Lonelady - Nerve Up (Warp)
This album ticks so many hipster boxes that I ought really to despise it. There’s the moody, enigmatic monochrome cover shot. It’s one of Warp records’ increasingly frequent ventures outside the world of intelligent electronica. The musical reference points are specific and fashionable – a bit of wiry Gang of Four scratchy guitar, the jangle of early REM or the skeletal funk of ESG. Julie Campbell is from Manchester – the sound of the Factory era clearly also still resonates with her. Surely, ‘Nerve Up’ is simply traversing old, very familiar ground?
Beneath the surface though, there’s actually something a little out of the ordinary about ‘Nerve Up’. Perhaps it’s that Julie Campbell has had the audacity to cherry pick from all these influences, rather than focusing too tightly on a tired punk-funk agenda. More significantly, it’s that the music, thanks in part to Campbell’s songwriting, mostly rises above mere facsimile. It is taut and exciting – with a nervous itchiness of its own.
It’s rare to find a female solo artist that sounds so solitary and alienated. Usually, we get the sensual, idiosyncratic, fantastic personalities of the likes of Kate Bush, Bjork, PJ Harvey or Joanna Newsom. Lonelady does not belong in that world. Her voice is strange, slippery and beguiling. Her music is precise, rigid and austere rather than flighty and wild.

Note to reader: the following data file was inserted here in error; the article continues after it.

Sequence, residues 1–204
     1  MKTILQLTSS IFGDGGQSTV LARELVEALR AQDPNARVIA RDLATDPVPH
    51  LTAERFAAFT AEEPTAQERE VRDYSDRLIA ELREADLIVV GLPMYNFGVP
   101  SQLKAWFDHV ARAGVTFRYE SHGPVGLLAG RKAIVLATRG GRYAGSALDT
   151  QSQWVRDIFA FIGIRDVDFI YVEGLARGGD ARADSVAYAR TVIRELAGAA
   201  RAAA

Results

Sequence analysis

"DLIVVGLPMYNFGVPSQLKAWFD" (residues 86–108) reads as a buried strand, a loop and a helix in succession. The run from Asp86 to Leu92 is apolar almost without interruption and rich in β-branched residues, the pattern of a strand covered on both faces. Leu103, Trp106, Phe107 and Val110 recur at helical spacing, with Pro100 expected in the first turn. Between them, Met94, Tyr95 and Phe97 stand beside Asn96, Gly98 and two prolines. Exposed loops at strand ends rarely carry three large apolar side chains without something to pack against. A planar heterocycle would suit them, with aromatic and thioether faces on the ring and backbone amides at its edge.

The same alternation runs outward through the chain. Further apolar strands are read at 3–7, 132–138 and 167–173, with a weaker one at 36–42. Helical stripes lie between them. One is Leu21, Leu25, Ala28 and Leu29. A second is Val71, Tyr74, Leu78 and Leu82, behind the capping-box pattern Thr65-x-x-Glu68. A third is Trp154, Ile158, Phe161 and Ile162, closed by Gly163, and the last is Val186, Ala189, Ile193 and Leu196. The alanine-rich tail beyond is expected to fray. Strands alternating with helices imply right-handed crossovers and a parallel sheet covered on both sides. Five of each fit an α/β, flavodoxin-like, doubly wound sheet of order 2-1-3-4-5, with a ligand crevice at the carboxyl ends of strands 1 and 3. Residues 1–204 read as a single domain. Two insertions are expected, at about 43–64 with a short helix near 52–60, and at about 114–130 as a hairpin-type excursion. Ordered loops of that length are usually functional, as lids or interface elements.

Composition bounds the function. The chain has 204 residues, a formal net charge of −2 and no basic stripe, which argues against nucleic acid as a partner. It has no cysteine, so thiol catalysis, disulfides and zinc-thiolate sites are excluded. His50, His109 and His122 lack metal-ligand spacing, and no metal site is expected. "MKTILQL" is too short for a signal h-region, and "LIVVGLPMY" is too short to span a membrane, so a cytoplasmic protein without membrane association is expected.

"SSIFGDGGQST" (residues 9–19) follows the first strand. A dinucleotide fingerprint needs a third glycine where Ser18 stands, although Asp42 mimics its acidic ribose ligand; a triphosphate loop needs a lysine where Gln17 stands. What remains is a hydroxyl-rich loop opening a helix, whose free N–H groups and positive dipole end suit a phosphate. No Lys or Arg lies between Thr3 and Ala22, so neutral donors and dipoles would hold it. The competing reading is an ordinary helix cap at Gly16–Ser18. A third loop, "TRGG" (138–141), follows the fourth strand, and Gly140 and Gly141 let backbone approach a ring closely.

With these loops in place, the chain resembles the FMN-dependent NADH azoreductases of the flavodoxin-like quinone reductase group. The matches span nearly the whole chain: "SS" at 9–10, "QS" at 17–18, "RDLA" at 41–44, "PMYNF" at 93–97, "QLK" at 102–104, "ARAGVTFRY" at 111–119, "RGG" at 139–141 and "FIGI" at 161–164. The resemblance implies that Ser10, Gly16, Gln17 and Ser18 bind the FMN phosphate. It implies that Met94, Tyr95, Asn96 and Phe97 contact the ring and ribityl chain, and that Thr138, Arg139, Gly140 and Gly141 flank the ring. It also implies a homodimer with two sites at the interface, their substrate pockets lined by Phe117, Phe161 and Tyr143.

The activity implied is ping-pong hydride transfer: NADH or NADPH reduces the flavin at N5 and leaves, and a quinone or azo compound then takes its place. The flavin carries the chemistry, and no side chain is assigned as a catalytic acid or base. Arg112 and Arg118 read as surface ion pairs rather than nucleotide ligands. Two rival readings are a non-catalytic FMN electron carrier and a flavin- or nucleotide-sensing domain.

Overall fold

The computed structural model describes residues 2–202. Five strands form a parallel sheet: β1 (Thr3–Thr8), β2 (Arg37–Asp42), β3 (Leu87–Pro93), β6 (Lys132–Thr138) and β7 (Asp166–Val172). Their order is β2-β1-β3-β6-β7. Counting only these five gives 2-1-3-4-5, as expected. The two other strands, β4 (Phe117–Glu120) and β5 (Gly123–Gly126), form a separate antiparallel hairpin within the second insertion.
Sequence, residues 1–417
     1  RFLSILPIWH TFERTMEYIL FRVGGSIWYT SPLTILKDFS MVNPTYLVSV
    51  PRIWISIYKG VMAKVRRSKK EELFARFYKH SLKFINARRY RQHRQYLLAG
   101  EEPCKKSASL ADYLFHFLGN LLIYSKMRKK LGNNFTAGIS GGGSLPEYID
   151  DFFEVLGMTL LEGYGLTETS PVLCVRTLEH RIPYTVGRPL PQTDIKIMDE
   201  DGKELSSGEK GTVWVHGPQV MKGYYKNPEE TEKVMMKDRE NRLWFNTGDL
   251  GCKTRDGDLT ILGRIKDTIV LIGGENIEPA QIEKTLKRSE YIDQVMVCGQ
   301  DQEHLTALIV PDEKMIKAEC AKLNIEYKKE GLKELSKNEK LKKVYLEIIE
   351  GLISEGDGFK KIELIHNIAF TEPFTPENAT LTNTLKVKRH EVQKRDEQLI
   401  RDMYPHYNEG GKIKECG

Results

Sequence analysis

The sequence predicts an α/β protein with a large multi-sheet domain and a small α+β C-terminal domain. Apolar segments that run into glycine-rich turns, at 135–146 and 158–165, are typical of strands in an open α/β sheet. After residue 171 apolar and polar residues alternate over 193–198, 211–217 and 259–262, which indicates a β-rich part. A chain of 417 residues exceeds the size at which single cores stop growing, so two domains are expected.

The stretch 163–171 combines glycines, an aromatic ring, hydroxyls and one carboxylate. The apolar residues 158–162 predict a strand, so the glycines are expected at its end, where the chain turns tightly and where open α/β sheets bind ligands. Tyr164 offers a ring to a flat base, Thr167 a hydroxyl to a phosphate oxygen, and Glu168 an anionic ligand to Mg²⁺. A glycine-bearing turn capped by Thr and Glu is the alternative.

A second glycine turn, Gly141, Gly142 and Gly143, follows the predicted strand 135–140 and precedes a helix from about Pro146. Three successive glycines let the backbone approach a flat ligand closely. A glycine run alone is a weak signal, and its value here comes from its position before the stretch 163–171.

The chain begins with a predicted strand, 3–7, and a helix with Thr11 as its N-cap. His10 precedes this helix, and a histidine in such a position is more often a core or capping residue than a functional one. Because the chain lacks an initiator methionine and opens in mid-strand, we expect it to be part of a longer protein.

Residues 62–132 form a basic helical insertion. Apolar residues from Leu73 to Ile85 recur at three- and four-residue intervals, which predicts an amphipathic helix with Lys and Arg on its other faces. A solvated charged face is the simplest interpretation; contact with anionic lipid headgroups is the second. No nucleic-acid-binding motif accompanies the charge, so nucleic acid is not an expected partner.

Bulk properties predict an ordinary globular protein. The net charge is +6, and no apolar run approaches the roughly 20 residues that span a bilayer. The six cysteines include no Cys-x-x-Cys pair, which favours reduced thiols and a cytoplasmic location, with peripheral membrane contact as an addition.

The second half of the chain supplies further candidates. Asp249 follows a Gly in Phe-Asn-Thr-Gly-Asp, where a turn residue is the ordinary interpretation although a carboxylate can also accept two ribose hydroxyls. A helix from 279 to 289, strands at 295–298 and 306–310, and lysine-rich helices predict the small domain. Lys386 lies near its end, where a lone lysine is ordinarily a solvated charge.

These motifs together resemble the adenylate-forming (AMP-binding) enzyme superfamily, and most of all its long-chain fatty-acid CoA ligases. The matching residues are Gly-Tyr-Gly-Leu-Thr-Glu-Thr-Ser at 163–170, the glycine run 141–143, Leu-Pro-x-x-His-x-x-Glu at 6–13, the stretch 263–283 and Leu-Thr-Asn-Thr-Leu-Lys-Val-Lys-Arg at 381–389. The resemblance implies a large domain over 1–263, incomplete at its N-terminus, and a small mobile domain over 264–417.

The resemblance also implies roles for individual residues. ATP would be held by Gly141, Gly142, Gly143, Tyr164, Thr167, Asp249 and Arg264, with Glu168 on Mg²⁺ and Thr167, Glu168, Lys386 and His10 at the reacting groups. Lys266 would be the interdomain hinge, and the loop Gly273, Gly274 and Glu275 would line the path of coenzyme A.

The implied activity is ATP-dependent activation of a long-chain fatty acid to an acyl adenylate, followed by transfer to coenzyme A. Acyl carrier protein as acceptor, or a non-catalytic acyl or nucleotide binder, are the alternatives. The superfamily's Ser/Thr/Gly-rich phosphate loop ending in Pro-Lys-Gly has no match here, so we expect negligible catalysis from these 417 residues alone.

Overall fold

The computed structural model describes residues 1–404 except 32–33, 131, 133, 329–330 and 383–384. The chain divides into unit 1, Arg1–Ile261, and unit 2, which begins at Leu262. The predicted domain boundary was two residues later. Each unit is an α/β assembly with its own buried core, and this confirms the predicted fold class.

It’s odd that the twitchy, anxious outsider position that Campbell has assumed became such a male pursuit. One of the most exciting things about Nerve Up is hearing Campbell’s distinctive thin but intoxicating voice set against this resolute, propulsive music. The Byrdsian twang of ‘Immaterial’ might hint back at Murmur-era REM, but Campbell’s voice also adds a fairytale sense of mystery and enchantment.
Everything here is minimal, perhaps even slightly desolate. There’s scratchy guitar, a drum machine and Campbell’s voice. The title track particularly succeeds in building a detailed impression with a rigorous approach. There are very few constituent elements. What further overdubs there are always serve the tense, nervous mood. On tracks like ‘Army’ and ‘Intuition’, there’s also an irrepressible and irresistible urgency.
Campbell won’t be able to repeat this trick too often. Yet the closing ‘Fear No More’ betrays a softer core. Whilst it’s not in itself entirely successful, it at least demonstrates another dimension to Campbell’s world and hints at other paths that she could follow. In the meantime, ‘Nerve Up’ is an authoritative, surprisingly satisfying work.